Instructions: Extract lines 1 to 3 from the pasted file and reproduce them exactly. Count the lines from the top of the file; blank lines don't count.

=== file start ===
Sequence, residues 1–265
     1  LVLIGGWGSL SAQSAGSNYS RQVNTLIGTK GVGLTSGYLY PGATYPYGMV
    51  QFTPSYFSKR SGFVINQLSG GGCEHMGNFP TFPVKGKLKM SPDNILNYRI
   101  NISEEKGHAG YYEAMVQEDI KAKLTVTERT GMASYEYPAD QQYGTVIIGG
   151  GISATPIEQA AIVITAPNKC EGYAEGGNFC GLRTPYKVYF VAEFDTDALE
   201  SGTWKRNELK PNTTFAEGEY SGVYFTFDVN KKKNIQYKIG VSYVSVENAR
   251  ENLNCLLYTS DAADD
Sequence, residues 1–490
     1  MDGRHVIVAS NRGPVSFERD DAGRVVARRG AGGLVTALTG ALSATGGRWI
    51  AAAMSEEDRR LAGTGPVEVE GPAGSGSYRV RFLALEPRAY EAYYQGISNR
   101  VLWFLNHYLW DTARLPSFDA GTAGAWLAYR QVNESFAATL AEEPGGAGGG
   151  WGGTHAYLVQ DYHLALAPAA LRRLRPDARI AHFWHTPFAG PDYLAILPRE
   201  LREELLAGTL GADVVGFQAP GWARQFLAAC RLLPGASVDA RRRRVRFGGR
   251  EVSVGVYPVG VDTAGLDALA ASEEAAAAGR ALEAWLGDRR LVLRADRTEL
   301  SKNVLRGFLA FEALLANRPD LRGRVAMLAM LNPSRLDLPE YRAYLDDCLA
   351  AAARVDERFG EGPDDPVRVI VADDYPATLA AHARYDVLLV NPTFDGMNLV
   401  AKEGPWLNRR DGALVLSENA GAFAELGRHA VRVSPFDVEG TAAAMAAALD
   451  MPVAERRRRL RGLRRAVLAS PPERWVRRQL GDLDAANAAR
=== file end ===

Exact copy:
Sequence, residues 1–265
     1  LVLIGGWGSL SAQSAGSNYS RQVNTLIGTK GVGLTSGYLY PGATYPYGMV
    51  QFTPSYFSKR SGFVINQLSG GGCEHMGNFP TFPVKGKLKM SPDNILNYRI